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Fake Black Folks, Fake Indians, and Allies: The Native Roots of the Rachel Dolezal Saga

Fake Black Folks, Fake Indians, and Allies: The Native Roots of the Rachel Dolezal Saga

Paul Mooney could have easily been talking about Natives.

Ok, so, this white woman named Rachel Dolezal did a reverse Michael Jackson and became a black woman named Rachel Dolezal.

Thing was, she wasn’t cool with just being some newly black woman named Rachel Dolezal. She wanted to be the blackest of the black women—became president of the NAACP, told folks that she had black children, became an activist for black folks, wore her “natural” in kinky curls, and made many, many allegations that she was the victim of hate crimes because she was black. She was consistent at least—when she said that she was Native American, she said that she was also the Nativest of the Natives. She was born in a tipi and hunted with bows and arrows.

In both events, she committed completely to her character change.

Thing was, her black child wasn’t her child—that was her adopted brother. Her “natural” hair was not kinky curls—it was straight blonde. She was never, in fact, the victim of hate crimes—she made them up.

Black folks, welcome to the bizarre world that is being Native in 2015. Folks (primarily white folks) completely commit to becoming Native and swear up and down, on a million braids of sweetgrass, that they are indeed Native. Now granted, we are responsible for SOME of this—it seems that some goofy Natives believed the lie (called a “legal fiction”) created by the Supreme Court, that “Native” is not an ethnicity, that it’s only a “political status.”

That’s right—somehow, some Natives believe that since a bunch of old white dudes and one black dude on the Supreme Court said that being “Native” isn’t a race, it must be true (Morton v. Mancari).

Excuse me while I LOL.

But I digress.

Point is, Sister Dolezal is a situation that happens entirely too often within Native communities. And honestly, that’s really no big deal—people are allowed to believe they are whoever they want to be. I used to think that I was Superman, and as a result broke my arm jumping off a two-story building.

But it brings up interesting questions about identity, influence, inspiration, and straight up theft. These are identity questions that the Native community has entertained for some time. In this post-Bruce Jenner world, where everyone seems to be comfortable looking at identity as fluid and determined by what a person feels, those questions seem to be popping up elsewhere as well.

For some reason, there’s a small subset of Natives who are infatuated with this notion that people are stealing from Native culture every time we see a pseudo-Native design or image within the mainstream. Largely, those things are simply influenced or inspired by Native imagery—why not? It’s beautiful imagery. Those things are not Native identity—they’re tokens or symbols of Native identity. As John Mohawk said, “Culture is a learned means of survival in an environment.” Those things are merely tools of that means of survival.

Similarly, black folks are the most influential pop culture force in the world right now.

Look, everyone listens to some variation of hip-hop, rock and roll or jazz—those are all black music forms, created by black folks for black audiences. Eventually, other groups began to listen to those forms and enjoy them because they’re awesome. In fact, now there are Native rappers, rockers, jazz musicians just like there are white rappers, rockers and jazz musicians and really every color under the radar. In more recent times, we see variations of the black movement, #BlackLivesMatter and it has resulted in other ethnic groups taking that same form and saw the beauty/utility in and have used it. For example, within some Native communities we now see some folks positing #NativeLivesMatter as a movement.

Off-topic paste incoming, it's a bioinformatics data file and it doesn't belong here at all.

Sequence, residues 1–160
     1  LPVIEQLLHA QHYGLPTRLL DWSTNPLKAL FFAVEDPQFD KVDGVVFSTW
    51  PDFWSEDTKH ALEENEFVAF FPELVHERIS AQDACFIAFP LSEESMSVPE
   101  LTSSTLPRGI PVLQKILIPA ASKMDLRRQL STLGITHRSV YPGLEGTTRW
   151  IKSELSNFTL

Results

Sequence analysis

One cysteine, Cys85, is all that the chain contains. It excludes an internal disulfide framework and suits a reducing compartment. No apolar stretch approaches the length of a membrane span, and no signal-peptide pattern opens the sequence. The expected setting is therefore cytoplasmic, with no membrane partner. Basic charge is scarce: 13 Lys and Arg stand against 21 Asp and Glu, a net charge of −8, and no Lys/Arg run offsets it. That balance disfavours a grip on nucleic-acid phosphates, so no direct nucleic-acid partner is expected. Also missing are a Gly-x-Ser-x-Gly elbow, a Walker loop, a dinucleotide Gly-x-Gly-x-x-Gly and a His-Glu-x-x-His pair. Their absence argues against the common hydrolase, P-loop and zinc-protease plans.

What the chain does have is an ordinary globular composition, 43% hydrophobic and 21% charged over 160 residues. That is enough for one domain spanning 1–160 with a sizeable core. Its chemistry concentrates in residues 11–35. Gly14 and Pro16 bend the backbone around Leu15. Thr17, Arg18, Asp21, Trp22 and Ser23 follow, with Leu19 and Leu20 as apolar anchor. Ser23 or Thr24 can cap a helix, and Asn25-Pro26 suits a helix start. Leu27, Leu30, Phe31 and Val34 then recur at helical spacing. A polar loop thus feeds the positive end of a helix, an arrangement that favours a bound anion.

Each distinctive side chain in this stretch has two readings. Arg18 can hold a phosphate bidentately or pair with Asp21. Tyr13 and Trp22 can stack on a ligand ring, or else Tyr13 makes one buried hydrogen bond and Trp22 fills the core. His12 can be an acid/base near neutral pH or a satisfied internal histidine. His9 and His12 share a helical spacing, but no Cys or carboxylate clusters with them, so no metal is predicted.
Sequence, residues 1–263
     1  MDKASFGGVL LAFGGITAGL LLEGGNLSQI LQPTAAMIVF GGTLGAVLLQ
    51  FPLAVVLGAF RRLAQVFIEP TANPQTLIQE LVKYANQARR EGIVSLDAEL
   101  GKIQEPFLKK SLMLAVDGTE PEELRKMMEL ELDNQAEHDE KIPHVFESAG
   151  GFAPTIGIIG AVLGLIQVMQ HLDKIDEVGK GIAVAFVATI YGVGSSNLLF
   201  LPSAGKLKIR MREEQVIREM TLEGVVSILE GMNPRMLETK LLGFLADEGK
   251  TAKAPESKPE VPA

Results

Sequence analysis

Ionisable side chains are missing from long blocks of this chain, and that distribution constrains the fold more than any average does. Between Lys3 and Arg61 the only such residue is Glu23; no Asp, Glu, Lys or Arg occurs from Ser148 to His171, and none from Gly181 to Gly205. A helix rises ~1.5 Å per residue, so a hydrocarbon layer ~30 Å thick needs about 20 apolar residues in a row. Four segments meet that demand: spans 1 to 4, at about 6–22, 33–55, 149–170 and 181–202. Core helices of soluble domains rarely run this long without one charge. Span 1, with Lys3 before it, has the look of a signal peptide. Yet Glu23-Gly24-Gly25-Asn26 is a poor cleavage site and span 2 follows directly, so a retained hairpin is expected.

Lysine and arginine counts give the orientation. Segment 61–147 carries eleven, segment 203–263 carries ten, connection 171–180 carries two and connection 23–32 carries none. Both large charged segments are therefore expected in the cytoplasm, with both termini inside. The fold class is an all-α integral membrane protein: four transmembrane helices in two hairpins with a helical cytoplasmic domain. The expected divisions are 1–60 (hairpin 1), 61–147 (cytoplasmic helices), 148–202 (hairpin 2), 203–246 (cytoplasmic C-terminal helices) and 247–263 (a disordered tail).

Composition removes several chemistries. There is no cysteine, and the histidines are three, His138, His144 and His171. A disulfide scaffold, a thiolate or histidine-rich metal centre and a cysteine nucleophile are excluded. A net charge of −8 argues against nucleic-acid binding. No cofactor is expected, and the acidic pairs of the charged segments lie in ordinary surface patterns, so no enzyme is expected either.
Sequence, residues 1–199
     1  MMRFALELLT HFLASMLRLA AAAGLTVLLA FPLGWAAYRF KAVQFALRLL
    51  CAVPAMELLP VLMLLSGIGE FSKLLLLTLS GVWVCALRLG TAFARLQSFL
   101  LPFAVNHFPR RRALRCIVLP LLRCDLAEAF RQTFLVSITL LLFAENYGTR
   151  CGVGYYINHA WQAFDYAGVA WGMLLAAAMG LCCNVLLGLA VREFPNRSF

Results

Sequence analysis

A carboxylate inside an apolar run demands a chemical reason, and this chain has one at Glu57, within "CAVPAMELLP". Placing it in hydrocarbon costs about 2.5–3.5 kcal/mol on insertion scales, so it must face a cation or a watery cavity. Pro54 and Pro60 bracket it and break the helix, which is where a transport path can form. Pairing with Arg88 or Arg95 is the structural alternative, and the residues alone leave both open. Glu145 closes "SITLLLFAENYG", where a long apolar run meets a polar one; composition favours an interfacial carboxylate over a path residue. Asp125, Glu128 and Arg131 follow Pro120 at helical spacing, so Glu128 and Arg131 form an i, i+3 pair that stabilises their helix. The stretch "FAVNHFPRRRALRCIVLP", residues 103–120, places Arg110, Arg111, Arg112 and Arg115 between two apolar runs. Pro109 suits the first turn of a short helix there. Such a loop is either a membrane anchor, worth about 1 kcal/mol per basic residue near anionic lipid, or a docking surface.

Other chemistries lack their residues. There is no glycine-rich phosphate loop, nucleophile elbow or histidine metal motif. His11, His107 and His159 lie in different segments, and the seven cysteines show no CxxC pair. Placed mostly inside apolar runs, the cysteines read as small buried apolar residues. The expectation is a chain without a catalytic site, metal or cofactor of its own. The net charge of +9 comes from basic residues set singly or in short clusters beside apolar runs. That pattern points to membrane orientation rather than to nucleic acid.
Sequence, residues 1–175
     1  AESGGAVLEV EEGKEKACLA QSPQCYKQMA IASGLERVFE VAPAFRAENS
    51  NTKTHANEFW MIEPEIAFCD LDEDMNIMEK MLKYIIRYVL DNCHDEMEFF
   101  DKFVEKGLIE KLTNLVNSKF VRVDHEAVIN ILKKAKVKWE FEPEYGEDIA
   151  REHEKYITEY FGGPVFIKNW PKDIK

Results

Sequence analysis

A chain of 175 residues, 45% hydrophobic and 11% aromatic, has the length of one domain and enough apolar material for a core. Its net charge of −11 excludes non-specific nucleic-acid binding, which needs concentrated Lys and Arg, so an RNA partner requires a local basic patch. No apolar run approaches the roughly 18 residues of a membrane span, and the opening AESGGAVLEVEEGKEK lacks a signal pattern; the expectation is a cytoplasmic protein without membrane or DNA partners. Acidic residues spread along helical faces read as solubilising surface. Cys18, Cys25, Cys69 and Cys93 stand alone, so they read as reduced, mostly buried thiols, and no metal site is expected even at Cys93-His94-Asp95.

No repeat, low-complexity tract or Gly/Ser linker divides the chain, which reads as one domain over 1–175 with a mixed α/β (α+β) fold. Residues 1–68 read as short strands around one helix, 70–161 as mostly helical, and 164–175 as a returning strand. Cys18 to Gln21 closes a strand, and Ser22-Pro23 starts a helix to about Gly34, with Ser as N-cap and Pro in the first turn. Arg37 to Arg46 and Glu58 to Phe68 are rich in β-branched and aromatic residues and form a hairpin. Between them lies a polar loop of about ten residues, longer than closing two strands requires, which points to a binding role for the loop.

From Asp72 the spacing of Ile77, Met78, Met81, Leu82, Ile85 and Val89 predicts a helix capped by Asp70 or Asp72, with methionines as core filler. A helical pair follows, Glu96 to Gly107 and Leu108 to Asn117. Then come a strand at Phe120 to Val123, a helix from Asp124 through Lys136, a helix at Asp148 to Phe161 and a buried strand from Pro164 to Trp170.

That’s simply influence and inspiration. That’s positive. #NativeLivesMatter isn’t trying to steal from black culture and Frank Waln isn’t stealing from black culture with his powerful hip-hop songs. They know where those movements came from and acknowledge their black roots. If anything, it’s an homage.

But back to Rachel Dolezal. I really don’t have a problem when people pretend to be a different race—it likely speaks to a spiritual void within their lives, where they feel completely and fundamentally dissatisfied with who they are. And that’s sad. But whatever—I really have no problem if some searching white woman or dude wants to dance at a pow-wow (it is oftentimes hilarious though) or raps badly, like the kid from Beverly Hills 90210. BUT…It’s different when a person tries to steal the racial identity of a particular race for financial/professional/some other reward. Just like Ward Churchill took opportunity away from real ethnic and political Natives by saying that he was Native on job applications. Rachel Dolezal took real opportunity away from real black folks when she said that she was black (and Native American) in her application to be Chair of the city of Spokane’s Office of Police Ombudsman Commission and also when she applied to be part-time professor at Eastern Washington University.

That’s stealing. That’s not influence. That’s not inspiration.

It happens oftentimes with Natives in higher education. “Box checkers.” People say they’re Native to make their competition pool smaller and really have no connection to Native people. We’re not simply a “political group,” like the Supreme Court thinks. There’s an actual ethnic component—we’re both, a political group AND a race.


We love you, but we need your work, not your looks.

Black folks, welcome to the bizarro world that Native people experience in 2015—where everybody wants to be you (and actually tries!!), but nobody wants to be you.


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